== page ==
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Heather Roy's Diary

Heather Roy's Diary

Silenced From The Start

Following the reading of the Budget by the Finance Minister, there is a 14-hour debate. Because everything at Parliament works on proportionality, each party is allocated so many minutes of debate - in this case broken up into 10-minute speaking slots.

ACT's allocation was a 20-minute Leader's speech, four 10-minute speeches and one five-minute speech. I was given the five-minute slot, which just happened to be last on the list, before the Minister had the 'right of reply' - the last 10 minutes of the debate.

I arrived in plenty of time to give my contribution, which was to be mostly related to health. I had also planned to speak briefly about the $4 billion surplus, which means workers are being over-taxed, and the Government's assumption that it can spend people's money better than they can themselves. The America's Cup money ($33 million) was also to get a mention. However, when the time came, the House was told we had exceeded the time allowed for debate, and the National Party speaker before me had his time shaved by a minute - I was off the list completely. When questioned, the Speaker tersely told me there was nothing he could do - his hands were tied. In the final instance he gave me 20 seconds. I got the feeling I was supposed to be grateful! I always think it's a pity to waste a good speech, so have posted it on the ACT website. You can access it through this link : htt If you would like the 20 second version it is available at:

Institutional Racism Puzzled as to why the House had run out of time, Richard Prebble consulted Parliament's books of rules - Standing Orders gives the protocols for procedures in the House, and Speakers Rulings gives previous rulings relating the Standing Orders. They revealed the problem. There had been no Points of Order that we had heard. These can often take up time during debates. Many of Labour's Maori members give part of their speech in Maori - these must be translated for the benefit of the majority of the House. The time for translation doesn't come out of the recorded time for that member but, meanwhile, the clock is ticking. So two opposition speakers were sacrificed in the name of Institutional Racism - political correctness again wins the day.

Pay Equity - officially on the agenda Margaret Wilson has announced that a taskforce will look into the issue of pay equity, initially in the public sector, to "set a good example". What she is saying, of course, is "watch out private sector, you're next". New Zealand achieved pay equality (equal pay for men and women doing the same work) in 1972. However, there have been, mainly feminist, mutterings for some time about achieving equal pay for work of a similar nature. The example often used is police and nurses. This is comparing oranges with apples - the two professions do very different work. We also now have men choosing nursing as a career, and women becoming police. The important thing is that opportunities exist equally for both men and women - something we have achieved. This is another example of the Labour's politically correct social engineering. It will be the taxpayer who is burdened with the cost of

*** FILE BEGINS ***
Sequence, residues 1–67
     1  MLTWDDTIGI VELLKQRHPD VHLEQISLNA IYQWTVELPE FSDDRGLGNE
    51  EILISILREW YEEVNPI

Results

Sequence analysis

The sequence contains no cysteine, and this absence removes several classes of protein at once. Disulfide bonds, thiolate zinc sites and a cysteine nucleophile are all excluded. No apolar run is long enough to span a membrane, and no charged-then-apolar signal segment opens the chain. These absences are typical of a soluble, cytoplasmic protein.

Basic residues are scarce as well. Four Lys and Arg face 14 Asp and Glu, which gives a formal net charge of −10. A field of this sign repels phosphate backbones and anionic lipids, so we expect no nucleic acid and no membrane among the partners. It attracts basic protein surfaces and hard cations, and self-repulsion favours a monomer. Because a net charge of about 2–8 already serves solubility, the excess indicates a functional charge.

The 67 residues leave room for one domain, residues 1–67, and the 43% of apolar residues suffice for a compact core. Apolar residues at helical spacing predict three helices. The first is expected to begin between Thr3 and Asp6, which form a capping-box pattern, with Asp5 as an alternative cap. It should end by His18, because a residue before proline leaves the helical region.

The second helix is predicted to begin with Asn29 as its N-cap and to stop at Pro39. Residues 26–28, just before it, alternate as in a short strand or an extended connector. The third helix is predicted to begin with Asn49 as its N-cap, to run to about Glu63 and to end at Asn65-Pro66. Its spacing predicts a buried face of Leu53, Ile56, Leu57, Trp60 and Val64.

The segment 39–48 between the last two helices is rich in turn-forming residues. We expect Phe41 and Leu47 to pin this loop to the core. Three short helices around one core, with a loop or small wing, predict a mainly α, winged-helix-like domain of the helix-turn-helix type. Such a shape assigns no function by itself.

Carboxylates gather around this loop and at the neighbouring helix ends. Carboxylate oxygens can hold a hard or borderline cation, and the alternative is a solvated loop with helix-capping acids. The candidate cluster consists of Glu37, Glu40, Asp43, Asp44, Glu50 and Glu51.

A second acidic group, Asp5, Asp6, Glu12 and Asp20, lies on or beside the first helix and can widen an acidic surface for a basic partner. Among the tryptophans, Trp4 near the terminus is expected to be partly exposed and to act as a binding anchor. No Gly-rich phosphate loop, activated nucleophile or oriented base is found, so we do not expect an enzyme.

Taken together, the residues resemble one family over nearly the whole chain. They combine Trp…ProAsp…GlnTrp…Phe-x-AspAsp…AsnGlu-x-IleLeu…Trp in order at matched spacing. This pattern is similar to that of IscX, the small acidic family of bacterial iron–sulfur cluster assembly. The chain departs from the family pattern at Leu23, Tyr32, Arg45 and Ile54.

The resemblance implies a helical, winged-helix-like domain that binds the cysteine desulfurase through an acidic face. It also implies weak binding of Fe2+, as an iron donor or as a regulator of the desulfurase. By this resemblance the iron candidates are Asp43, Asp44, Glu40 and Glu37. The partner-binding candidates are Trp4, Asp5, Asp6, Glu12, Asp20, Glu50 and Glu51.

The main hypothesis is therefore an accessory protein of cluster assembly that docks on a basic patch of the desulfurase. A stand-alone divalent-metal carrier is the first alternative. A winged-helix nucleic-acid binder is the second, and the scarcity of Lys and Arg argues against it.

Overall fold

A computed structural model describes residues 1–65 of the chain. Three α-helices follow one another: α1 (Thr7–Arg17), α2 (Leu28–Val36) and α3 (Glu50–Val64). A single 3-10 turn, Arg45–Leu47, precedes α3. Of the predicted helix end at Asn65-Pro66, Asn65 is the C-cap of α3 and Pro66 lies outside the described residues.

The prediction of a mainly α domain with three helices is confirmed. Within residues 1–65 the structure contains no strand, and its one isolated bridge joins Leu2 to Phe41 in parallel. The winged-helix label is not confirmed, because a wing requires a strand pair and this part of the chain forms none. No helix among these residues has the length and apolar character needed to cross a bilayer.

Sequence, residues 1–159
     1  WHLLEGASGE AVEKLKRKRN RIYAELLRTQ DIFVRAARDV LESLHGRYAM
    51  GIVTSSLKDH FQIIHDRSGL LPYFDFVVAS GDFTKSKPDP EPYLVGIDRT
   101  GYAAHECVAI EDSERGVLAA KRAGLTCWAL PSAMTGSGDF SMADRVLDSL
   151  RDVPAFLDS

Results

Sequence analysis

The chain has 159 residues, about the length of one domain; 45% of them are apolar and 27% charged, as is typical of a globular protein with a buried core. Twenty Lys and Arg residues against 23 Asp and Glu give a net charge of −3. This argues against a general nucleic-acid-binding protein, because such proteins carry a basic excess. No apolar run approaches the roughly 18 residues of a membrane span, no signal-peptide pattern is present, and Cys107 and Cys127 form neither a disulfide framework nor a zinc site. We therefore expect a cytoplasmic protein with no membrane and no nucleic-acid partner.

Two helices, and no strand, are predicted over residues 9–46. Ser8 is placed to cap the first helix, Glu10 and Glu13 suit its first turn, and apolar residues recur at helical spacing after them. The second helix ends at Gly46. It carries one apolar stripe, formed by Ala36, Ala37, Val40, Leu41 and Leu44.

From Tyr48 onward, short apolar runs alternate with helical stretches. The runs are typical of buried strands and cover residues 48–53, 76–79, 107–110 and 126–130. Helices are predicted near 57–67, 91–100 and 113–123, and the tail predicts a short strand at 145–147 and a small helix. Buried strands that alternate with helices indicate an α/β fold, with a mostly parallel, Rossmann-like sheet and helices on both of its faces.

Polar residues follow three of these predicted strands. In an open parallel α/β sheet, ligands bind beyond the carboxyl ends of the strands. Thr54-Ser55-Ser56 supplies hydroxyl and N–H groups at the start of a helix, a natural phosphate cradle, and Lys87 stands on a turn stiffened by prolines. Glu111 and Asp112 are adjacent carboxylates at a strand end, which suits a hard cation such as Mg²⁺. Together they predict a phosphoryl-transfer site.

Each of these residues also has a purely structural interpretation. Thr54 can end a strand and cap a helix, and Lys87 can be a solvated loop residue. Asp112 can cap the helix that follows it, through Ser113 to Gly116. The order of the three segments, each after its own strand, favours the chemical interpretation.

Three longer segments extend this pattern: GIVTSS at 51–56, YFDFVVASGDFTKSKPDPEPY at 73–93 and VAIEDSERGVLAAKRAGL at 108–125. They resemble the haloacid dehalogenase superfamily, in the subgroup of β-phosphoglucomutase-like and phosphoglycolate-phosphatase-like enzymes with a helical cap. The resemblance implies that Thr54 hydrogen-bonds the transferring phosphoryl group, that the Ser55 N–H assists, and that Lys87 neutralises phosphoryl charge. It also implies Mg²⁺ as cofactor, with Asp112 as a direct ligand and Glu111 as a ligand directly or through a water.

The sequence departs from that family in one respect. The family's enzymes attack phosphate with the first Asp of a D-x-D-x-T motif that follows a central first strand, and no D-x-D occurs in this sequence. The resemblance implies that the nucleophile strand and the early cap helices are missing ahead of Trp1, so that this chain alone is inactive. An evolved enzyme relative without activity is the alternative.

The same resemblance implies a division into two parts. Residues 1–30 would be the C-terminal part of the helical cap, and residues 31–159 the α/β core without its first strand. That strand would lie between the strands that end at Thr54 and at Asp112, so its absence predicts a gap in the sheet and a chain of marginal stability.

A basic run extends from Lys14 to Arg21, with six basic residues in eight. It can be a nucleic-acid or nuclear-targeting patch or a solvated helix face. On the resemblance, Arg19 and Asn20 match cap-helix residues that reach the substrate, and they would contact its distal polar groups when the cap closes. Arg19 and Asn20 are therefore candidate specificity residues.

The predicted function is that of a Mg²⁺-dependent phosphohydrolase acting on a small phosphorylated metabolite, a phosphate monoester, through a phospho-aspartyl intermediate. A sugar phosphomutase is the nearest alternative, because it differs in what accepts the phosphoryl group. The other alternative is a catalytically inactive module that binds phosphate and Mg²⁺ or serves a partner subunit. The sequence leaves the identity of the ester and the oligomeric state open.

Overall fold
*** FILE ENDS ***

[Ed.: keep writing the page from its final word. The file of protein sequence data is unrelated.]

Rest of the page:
Industrial action looms again Five North Island District Health Boards face strike action from nurses, which will give them no choice but to cancel all but essential services. Health Minister Annette King has been speaking to nurses groups and raising their expectations by encouraging them to seek higher salaries. At the same time, she is funding DHBs for only small wage and salary increases (around two percent). As opposition Health Spokesperson, Annette King won the nursing vote by implying they would be paid more under Labour - she has failed to deliver. The Government has given clear support for national awards, and the Nurses' Union has taken the first step by insisting on multi-employer contracts. Individual DHBs are unable to negotiate with their own nurses. Nurses have had their expectations raised, but DHBs are underfunded against these. In addition, the industrial relations framework puts DHBs under

Breathing space for the Prime Minister Parliament has gone into recess for the next two weeks. The Prime Minister must be breathing a sigh of relief as she will not have to answer any tricky questions from opposition MPs on Free Trade with the US, her recent gaffes on Iraq and the Americans, or whether she remembers signing off policy documents.

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